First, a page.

That pressure — and how the young dancers cope with it — is the subject of “First Position,”a fascinating documentary by Bess Kargman featured this weekend at the Florida Film Festival.

Coincidentally, the Orlando Ballet School contingent will be in New York this weekend for the final round of the 2012 competition.

Each year the students face larger challenges, says Dierdre Miles Burger, director of Orlando Ballet School. “Because the competition is getting more interest, there’s more talent competing — and it’s just gotten harder,” Burger says.

“First Position” follows several promising young dancers as they prepare for the Grand Prix finals in 2010. The Youth America Grand Prix, founded in 1999, is the world’s largest ballet competition that awards full scholarships and job contracts to dancers age 9-19.

“You have five minutes on stage to prove why you deserve this chance — and not somebody else,” says competition co-founder Larissa Saveliev in the film.

No pressure then.

The students depicted in “First Position” have ways of coping. So do Orlando Ballet School students Blake Kessler and Adrianna Duda

“I can’t really watch anything going on,” says Blake, 14. “I have to go into my own little world.”

Adrianna, 16, likes to watch other competitors… to a point. “If I watch too much, it’s bad,” she says. “If I don’t watch any, it’s bad.”

The two are competition veterans: It will be Adrianna’s third trip to the finals and Blake’s fourth. Although the longer you attend the more scrutiny you endure, the students say. “When you’re younger, they judge you easier,” Blake says.

The judges remember contestants from year to year and watch for signs of progress, Burger says. And the students are very aware at how closely they are being watched.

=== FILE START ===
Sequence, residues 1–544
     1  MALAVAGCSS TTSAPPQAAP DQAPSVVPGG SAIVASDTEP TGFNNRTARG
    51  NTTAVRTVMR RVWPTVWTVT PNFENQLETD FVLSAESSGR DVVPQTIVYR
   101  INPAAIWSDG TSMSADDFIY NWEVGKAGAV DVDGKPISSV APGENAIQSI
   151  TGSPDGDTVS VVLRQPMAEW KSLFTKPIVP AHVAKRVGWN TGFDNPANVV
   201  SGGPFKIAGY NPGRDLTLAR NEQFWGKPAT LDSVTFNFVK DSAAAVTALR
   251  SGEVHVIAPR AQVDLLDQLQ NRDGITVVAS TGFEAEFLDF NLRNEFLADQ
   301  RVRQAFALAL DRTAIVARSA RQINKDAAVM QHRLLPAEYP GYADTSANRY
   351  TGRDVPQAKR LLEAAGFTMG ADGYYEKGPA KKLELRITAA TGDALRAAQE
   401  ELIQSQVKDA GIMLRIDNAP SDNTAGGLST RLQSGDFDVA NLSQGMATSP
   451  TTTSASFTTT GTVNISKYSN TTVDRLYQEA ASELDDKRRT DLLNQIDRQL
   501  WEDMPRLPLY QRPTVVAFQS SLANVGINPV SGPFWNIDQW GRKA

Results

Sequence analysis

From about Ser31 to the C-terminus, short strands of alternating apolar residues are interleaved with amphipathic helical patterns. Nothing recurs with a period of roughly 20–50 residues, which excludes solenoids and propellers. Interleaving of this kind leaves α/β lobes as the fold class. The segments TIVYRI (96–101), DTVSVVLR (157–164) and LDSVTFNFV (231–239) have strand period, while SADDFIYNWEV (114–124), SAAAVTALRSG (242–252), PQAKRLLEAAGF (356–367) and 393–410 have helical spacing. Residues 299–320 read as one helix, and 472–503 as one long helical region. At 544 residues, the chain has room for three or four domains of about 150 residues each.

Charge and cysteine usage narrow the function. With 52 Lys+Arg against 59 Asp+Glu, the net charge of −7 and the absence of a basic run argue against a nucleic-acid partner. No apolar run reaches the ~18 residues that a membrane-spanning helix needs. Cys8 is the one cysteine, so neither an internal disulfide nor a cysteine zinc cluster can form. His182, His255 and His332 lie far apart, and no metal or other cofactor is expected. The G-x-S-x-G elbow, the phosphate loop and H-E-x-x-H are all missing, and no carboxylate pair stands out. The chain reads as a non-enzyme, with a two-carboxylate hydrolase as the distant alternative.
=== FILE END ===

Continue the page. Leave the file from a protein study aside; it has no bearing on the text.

“The audience isn’t just like normal people,” Blake says with a grimace. “It’s people who can make your career, or not make your career.”

“They’re judging you on every little thing,” Adrianna adds. “It’s not like when you’re performing for the general public; they don’t notice every bit of technique.”

The students spend months and months working on their performances, which are carefully chosen by the school’s instructors. “From the school’s perspective, it’s not just about winning a prize; it’s about student development,” Burger says. “We try to pick solos that show their strengths, but ones that are also going to help them progress.”

The movie ups the drama with one student who suffers a foot injury shortly before the competition. That fear is in the back of the students’ minds, though they say they don’t dwell on it. “I get more worried when I practice that I’m going to get injured than when I’m outside,” Blake says.

“First Position” also shows one competitor’s mother working on a costume for her daughter. That’s something Blake and Adrianna don’t have to worry about. “They have the luxury of being connected to a professional ballet company,” Burger says — so costumes are readily available. And there’s no reason to go overboard with feathers or spangles, Burger says: “Simpler is better.”

Orlando Ballet School’s competitors

• Austen Acevedo, 12

• Briana Berrios, 13

• Blake Kessler, 14

• Sarah Wicorek, 14

• Arcadian Broad, 15

•Adrianna Duda, 16

• Alyssa Fazekas, 18
• Jessica Assef, 18

Copyright © 2012, Orlando Sentinel